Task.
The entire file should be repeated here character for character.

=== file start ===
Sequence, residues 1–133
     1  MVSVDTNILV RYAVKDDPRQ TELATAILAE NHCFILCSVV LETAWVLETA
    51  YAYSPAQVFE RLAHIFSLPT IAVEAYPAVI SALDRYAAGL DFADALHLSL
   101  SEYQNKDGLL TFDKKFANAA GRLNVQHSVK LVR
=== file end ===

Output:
Sequence, residues 1–133
     1  MVSVDTNILV RYAVKDDPRQ TELATAILAE NHCFILCSVV LETAWVLETA
    51  YAYSPAQVFE RLAHIFSLPT IAVEAYPAVI SALDRYAAGL DFADALHLSL
   101  SEYQNKDGLL TFDKKFANAA GRLNVQHSVK LVR